Square Foot Gardening Forum
[table bgcolor=#000000 height=275][tr][td]

Hello Guest!
Welcome to the official Square Foot Gardening Forum.
There's lots to learn here by reading as a guest. However, if you become a member (it's free, ad free and spam-free) you'll have access to our large vermiculite databases, our seed exchange spreadsheets, Mel's Mix calculator, and many more members' pictures in the Gallery. Enjoy.


[/td][/tr][/table]
Search
 
 

Display results as :
 

 


Rechercher Advanced Search

Latest topics
» Planting for the trellis
by Turan Today at 12:44 am

» Turan in the Western Mountains
by Turan Yesterday at 11:18 pm

» How's the Weather Where You're At?
by Cajun Cappy Yesterday at 10:27 pm

» CANADIAN REGION: What are you doing in May 2017
by Fiz Yesterday at 9:13 pm

» Tips for compost tumbler
by Scorpio Rising Yesterday at 8:50 pm

» Using Eggshells for your garden
by donnainzone5 Yesterday at 7:35 pm

» Watering System -- Finally!
by countrynaturals Yesterday at 7:23 pm

» Northern California & Coastal Valleys - What are you doing this month?
by countrynaturals Yesterday at 6:55 pm

» Strawberry protection
by countrynaturals Yesterday at 6:22 pm

» New England May 2017
by countrynaturals Yesterday at 6:12 pm

» Slug Sex!
by countrynaturals Yesterday at 6:09 pm

» Bumble bees In Trouble
by sanderson Yesterday at 6:01 pm

» Maritime SGFG 2017
by SwampTroll Yesterday at 5:30 pm

» Third Year SFG in Canada
by trolleydriver Yesterday at 4:24 pm

» What region am I in now?
by CapeCoddess Yesterday at 3:54 pm

» surprising results from soil test
by dstack Yesterday at 3:45 pm

» TrolleyDriver's Compost Thermometer
by trolleydriver Yesterday at 3:33 pm

» Get Moving!
by trolleydriver Yesterday at 12:14 pm

» New in Tennessee
by pawsplus Yesterday at 11:43 am

» Friday Rookie Topic: Edible Flowers
by BeetlesPerSqFt Yesterday at 11:39 am

» The Thyme to Dye is Coming!
by SwampTroll Yesterday at 9:57 am

» N&C Midwest: May is here! 2017
by Scorpio Rising Yesterday at 9:27 am

» 2017 SFG in Brooks, Ga
by sanderson Yesterday at 2:25 am

» Netting as Barrier
by yolos 5/21/2017, 5:18 pm

» Garden pics from S/W Illinois
by yolos 5/21/2017, 4:57 pm

» Row Cover Material - garden blankets
by sanderson 5/21/2017, 1:44 pm

» Bryan Greenbeard of Minnesota's 2017 Plans
by Greenbeard 5/21/2017, 12:22 pm

» Potato growing
by bigblue94 5/21/2017, 11:30 am

» Greeting from Mo!
by sanderson 5/21/2017, 4:29 am

» Keeping bees
by IrishDigger 5/21/2017, 3:47 am

Google

Search SFG Forum

Temporary Worm Bin

View previous topic View next topic Go down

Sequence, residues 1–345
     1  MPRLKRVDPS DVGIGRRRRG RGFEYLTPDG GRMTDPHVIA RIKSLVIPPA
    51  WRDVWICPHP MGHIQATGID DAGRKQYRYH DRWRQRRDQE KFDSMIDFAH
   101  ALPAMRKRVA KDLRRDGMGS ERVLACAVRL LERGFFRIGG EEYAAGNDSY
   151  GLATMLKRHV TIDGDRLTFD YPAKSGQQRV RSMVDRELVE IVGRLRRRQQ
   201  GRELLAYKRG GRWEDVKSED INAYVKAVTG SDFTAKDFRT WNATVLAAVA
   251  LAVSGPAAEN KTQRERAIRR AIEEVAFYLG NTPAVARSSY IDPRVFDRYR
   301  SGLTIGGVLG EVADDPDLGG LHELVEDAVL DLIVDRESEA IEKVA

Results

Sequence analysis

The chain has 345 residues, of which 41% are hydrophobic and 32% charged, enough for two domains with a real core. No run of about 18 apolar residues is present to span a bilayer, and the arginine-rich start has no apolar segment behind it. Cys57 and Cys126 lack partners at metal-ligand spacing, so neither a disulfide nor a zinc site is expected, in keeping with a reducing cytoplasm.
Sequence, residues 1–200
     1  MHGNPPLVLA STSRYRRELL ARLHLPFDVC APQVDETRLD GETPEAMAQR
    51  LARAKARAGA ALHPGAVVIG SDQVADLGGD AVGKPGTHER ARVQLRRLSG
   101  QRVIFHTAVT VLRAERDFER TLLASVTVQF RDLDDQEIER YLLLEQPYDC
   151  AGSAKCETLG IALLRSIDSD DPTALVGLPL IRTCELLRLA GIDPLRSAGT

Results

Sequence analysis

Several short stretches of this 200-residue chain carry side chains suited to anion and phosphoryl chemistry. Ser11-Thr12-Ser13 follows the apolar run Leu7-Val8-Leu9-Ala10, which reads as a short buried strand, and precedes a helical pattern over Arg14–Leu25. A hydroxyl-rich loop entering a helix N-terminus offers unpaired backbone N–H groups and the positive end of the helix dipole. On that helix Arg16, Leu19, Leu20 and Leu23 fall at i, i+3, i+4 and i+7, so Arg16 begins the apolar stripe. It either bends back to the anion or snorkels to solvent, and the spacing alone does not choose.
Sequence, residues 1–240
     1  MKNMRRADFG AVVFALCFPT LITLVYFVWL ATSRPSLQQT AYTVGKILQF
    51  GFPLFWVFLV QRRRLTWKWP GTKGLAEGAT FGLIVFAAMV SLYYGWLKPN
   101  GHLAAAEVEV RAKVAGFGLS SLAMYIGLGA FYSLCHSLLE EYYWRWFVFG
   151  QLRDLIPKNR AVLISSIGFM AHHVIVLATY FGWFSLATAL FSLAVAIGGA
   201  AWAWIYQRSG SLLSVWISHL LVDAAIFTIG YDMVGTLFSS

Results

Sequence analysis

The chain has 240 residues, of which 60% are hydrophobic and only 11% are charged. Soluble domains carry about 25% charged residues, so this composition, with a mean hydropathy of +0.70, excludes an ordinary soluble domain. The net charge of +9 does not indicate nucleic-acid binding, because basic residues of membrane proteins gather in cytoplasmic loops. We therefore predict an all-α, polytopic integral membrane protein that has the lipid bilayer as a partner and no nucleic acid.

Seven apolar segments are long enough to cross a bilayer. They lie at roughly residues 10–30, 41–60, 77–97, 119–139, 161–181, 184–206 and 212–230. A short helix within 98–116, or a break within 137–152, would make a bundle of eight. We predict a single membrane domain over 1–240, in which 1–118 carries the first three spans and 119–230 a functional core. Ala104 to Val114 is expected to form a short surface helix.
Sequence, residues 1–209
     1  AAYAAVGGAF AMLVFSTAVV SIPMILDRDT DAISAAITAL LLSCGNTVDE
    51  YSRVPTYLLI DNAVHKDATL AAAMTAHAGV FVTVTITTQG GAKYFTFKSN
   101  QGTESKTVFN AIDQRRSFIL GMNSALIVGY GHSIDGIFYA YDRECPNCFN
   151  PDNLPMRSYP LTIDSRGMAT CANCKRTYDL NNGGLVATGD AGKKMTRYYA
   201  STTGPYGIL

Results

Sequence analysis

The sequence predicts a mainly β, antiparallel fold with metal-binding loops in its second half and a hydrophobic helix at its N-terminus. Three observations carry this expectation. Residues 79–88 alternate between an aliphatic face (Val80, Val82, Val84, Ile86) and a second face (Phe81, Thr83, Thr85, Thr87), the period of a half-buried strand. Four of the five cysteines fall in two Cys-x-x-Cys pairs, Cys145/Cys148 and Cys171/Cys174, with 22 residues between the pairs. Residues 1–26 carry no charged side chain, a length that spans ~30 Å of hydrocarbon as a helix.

Temporary Worm Bin

Post  BeckieSueDalton on 6/30/2015, 11:03 am

I have a 32-gal Rubbermaid trashcan.  It is black, and it has a lid.  I'd been putting compost things in a 5-gal bucket, but it overflowed so I got the trashcan.  Everything from the little bucket has been dumped into the trashcan.  It's pretty smelly, but things do seem to be rotting.

In the near future (by summer's end), I want to craft the three-bin Wriggler Hilton.  For now, I'd thought perhaps to go pick up some worms from the bait store and put them in the big can so the rotting stuff can get a headstart on become usable.

If I do that and open the can once a day, will that be enough air exchange for the worms so they don't smother?
avatar
BeckieSueDalton

Female Posts : 68
Join date : 2015-06-23
Location : Atlanta GA (NE OTP), AHS heat zone 6, USDA hardiness zone 7a/7b, frost dates Apr15/Nov15

View user profile http://lollipops-and-pipe-dreams.blogspot.com/search/label/garde

Back to top Go down

Re: Temporary Worm Bin

Post  sanderson on 6/30/2015, 4:19 pm

Don't try both in the same garbage can. I recommend doing more research on container composting (which creates heat and liquid, and needs air), and the raising of red wigglers for worm casings (which needs more temperate temps, moisture and air).  They are 2 different activities.  Once you have cool compost, the worms will love it.  But, if you try to do both in a garbage can, the compost will win.  Sad

Containers for composting wastes have air holes all around, and the composting materials needs to be turned to introduce air and check for proper moisture.  Worm bins like wise have ventilation and a way to keep things moist but not soggy.

I have an open-bottom, passive, free-range worm bin.  Worm bins for dummies.   Laughing  It is made of 2x4s for good temp insulation, set on the dirt (so the worms can escape to cooler, moister depths if it gets too hot or dry, yet the excess liquid soaks into the dirt).  Red wigglers won't go far from the food if things are good.  Bridal tulle on the top with a plywood cover off-set, allows ventilation but keeps out soldier flies (good guys but competitive for the food with red wigglers).

You can use a 5-gallon bucket.  Cut out the bottom, set it on the ground in a cool, shady area, cover with tulle and an off set lid.  Put some "food" in the lower bottom part and make sure the dirt around the area is watered if you don't get rain.  When the food gets mushy and moldy, introduce 25 or more worms.  (small fishing worms container from Walmart or all-purpose general stores en route to fishing spots)

I live in a temperate region with scalding hot summers and winters that generally stay above freezing except for a few days. I forgot what your weather is like and I can't check while I'm replying. If you get heavy freezes, you will need to find a way to bring them into the house or garage.

____________________________

Find more about Weather in Fresno, CA
Click for weather forecast
avatar
sanderson

Forum Moderator Certified SFG Teacher

Female Posts : 13722
Join date : 2013-04-21
Age : 68
Location : Fresno CA Zone 8-9

View user profile

Back to top Go down

View previous topic View next topic Back to top


 
Permissions in this forum:
You cannot reply to topics in this forum